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Started To Look For Houses - And I'm Staggered


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#16 Lion

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Posted 24 January 2012 - 11:18 PM

Very interesting.

I think it just shows that some win, some lose - but few really want to be in the casino.


There was some risk, but not really like in a casino. I was sure about a forthcoming pay rise, so we were certain we could repay the credit card debt within the first year (which we did). As it was a zero percent credit card deal for 12 months, we paid no interest on the £9,000 we borrowed on the card (not even a transfer fee). I accept it was not predictable that we would be so much better off by buying, but there was almost no risk to pay more than for renting. The flat we bought would have been £1,000 to rent a month, or £87,000 for the duration of our stay. It was not likely that interest plus possible reduction of house price would ever have cost us so much. In the end the flat cost us over 7.25 years £30,000 interest, £5,000 in service charges, £4,000 buying fees, £6,000 selling fees, £15,000 refurbishment - in total £60,000 costs (or £690/month). As the increase in value happened to be also £60,000, we lived for more than 7 years in a nice flat refurbished to our own taste for absolutley free, which allowed us to have (save) £120,000 in cash for our house purchase (for deposit, stamp duty and other fees).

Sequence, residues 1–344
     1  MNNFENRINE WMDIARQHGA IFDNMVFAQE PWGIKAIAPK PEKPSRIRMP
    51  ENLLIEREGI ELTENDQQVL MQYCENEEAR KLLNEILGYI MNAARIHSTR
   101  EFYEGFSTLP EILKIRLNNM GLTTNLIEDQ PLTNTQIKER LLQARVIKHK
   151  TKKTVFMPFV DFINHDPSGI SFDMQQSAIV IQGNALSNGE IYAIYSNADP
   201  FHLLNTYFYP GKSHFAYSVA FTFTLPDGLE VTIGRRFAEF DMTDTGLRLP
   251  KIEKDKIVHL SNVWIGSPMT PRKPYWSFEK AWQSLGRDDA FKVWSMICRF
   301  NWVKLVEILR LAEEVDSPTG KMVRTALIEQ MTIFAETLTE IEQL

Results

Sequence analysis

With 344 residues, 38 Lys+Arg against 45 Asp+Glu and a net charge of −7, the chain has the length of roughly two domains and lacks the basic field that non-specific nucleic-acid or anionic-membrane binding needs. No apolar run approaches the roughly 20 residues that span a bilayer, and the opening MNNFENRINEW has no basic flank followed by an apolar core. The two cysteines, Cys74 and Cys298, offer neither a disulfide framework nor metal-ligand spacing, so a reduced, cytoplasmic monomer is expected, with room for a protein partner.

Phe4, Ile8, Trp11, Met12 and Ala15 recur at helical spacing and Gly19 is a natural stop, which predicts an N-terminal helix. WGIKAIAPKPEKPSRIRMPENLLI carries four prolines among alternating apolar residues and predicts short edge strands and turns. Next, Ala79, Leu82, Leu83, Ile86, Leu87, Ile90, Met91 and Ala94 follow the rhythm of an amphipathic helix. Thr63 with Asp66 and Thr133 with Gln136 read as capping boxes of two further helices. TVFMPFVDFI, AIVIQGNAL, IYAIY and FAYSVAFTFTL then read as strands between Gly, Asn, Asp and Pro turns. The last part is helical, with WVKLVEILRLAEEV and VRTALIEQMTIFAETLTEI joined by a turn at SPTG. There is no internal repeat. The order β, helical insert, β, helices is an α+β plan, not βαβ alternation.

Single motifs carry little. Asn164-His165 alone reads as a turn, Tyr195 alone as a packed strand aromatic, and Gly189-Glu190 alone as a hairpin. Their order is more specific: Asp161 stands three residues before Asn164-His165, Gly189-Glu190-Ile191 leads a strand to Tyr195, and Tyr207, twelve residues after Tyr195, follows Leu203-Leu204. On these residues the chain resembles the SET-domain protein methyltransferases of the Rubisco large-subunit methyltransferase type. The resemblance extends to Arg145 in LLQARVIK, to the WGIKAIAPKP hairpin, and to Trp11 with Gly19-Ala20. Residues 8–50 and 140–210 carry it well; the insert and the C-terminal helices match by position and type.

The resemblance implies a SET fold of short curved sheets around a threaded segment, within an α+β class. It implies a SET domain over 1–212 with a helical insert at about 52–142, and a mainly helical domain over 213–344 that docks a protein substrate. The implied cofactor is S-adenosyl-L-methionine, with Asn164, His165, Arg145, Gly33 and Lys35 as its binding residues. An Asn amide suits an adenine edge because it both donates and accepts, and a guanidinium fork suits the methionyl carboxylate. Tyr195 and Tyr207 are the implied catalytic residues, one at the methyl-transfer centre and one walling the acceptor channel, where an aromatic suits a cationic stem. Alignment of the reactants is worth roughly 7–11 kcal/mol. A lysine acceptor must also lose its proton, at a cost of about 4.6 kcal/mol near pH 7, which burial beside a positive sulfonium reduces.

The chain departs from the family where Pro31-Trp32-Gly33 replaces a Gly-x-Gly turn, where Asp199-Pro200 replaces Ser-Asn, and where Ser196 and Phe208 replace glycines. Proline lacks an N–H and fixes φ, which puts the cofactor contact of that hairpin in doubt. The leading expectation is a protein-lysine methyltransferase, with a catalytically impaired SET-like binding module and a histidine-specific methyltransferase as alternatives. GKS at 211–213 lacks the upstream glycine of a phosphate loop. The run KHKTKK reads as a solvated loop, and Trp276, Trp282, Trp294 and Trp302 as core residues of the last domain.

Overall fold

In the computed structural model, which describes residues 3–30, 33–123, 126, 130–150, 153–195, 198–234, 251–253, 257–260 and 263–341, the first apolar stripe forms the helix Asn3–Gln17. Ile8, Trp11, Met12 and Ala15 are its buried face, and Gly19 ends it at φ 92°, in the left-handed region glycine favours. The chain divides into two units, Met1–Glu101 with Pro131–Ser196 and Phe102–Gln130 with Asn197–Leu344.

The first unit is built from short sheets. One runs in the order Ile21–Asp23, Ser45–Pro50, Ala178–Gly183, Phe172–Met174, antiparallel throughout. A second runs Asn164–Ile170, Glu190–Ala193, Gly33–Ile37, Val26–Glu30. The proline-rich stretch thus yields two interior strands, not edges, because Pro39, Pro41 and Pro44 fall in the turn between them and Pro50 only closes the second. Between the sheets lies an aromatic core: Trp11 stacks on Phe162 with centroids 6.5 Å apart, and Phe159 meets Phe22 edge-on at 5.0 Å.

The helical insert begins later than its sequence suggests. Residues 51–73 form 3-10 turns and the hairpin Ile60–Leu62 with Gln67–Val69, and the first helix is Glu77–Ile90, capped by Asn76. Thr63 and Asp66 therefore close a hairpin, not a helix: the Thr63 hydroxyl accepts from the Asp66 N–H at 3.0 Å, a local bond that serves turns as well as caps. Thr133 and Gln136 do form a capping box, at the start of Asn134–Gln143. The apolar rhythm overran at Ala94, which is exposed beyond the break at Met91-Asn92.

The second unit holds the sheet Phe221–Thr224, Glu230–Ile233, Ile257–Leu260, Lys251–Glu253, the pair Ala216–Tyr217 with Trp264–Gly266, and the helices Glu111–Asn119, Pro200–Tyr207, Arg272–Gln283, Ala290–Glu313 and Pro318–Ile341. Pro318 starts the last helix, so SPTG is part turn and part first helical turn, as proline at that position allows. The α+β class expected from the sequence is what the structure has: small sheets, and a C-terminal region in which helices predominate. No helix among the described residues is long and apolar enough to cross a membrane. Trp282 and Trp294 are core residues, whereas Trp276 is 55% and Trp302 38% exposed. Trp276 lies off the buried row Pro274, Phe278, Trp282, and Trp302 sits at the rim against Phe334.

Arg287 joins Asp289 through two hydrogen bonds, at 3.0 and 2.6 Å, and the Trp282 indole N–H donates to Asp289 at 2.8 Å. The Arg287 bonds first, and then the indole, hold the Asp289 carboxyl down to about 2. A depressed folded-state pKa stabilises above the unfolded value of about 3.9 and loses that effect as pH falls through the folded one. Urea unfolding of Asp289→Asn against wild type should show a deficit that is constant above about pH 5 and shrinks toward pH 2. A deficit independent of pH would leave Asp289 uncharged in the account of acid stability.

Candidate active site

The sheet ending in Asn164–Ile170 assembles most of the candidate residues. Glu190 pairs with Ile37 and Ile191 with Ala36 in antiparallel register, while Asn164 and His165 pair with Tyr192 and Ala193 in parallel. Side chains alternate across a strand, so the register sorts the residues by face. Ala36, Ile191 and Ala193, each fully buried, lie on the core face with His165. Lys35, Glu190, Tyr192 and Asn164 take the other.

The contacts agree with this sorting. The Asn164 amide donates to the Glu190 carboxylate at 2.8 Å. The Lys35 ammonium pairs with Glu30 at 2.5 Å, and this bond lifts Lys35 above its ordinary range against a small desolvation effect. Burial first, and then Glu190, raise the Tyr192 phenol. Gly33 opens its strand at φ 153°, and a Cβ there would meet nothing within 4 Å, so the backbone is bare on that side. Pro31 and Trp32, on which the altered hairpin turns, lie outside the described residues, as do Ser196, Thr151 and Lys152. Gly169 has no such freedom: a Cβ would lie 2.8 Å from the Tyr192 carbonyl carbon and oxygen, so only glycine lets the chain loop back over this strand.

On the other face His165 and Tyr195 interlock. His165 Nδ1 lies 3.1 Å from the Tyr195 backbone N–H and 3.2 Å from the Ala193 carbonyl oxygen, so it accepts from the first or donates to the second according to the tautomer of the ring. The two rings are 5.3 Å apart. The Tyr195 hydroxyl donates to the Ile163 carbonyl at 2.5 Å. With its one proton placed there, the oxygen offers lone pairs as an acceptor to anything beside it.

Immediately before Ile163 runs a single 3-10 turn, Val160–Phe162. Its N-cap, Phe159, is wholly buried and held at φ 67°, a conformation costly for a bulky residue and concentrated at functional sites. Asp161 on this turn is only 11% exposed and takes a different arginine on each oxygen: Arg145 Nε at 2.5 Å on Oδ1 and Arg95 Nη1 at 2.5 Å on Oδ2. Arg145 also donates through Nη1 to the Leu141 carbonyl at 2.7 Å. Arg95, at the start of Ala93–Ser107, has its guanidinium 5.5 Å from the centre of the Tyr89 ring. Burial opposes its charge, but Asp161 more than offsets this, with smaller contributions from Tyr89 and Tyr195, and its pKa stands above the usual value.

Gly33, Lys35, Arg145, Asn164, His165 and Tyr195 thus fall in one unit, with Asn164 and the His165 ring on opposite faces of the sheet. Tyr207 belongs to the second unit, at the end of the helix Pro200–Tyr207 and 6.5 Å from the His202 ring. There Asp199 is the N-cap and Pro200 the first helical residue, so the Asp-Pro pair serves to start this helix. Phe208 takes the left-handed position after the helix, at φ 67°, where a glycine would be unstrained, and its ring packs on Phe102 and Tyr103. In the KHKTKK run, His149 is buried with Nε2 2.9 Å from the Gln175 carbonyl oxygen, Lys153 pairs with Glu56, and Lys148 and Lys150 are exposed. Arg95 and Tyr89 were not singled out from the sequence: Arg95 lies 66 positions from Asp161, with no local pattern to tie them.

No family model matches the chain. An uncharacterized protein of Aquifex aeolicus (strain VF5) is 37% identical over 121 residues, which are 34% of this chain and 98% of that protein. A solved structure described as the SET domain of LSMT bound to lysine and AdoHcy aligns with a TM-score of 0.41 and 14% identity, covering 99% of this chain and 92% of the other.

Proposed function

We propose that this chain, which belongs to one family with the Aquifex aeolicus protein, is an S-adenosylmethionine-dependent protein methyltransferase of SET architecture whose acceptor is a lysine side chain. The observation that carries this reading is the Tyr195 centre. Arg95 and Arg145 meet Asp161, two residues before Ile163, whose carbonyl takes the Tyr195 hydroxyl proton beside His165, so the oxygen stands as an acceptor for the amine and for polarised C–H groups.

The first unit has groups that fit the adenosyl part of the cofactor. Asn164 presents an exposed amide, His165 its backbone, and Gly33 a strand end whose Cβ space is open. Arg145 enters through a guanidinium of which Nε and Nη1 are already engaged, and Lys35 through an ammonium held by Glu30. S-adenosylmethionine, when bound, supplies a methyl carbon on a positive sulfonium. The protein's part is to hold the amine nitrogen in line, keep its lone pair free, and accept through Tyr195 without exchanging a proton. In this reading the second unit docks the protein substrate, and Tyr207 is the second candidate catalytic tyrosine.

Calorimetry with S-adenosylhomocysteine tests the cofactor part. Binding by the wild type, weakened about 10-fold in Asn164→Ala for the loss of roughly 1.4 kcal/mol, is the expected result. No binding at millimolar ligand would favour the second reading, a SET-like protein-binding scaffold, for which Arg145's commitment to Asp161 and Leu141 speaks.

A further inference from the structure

We could have sold our flat for just £153,000 instead of £240,000 and would still not have been worse off than renting. Only below £153,000 we would have started to make a loss. This was barely a high risk. But of course everybody has to evaluate their circumstances - I was for instance very sure my salary would go up a lot and that my job would be secure for many years to come, which reduced risk on the income side.

#17 Asheron

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Posted 24 January 2012 - 11:51 PM

If you buy a house within the next 5 years, it will be the second biggest mistake of your life.

DO NOT BUY A HOUSE

If you fail to take my advice, You will be known as an Idiot.

Keep renting...

Within 2 years you will witness the biggest financial crash in the history of the world.





i've been looking at this site for years, but don't post too much

here's my story
very sadly, i split from my wife 4 years ago. we obviously had to sell the house and so i have rented in the meantime.
i luckily found a great place to rent in a lovely surrey town - the perfect rental house, which i love living in and am renting for a fraction of the cost of buying (£1300pcm for a c.500k house)
however, the people that own it inherited it from their father who passed away, and are now looking to sell...and i know that i will not be able to afford to buy it
having looked at lots of other rentals in the area, they are overpriced and horrible

so, i'm now thinking of buying again with my girlfriend,(who i've known since i was 11 ands who is a great girl)
we've got a good deposit and we're looking at around the 400k mark in the local area

having been tracking market for 3 years, prices just are not moving....and if anything., they are going up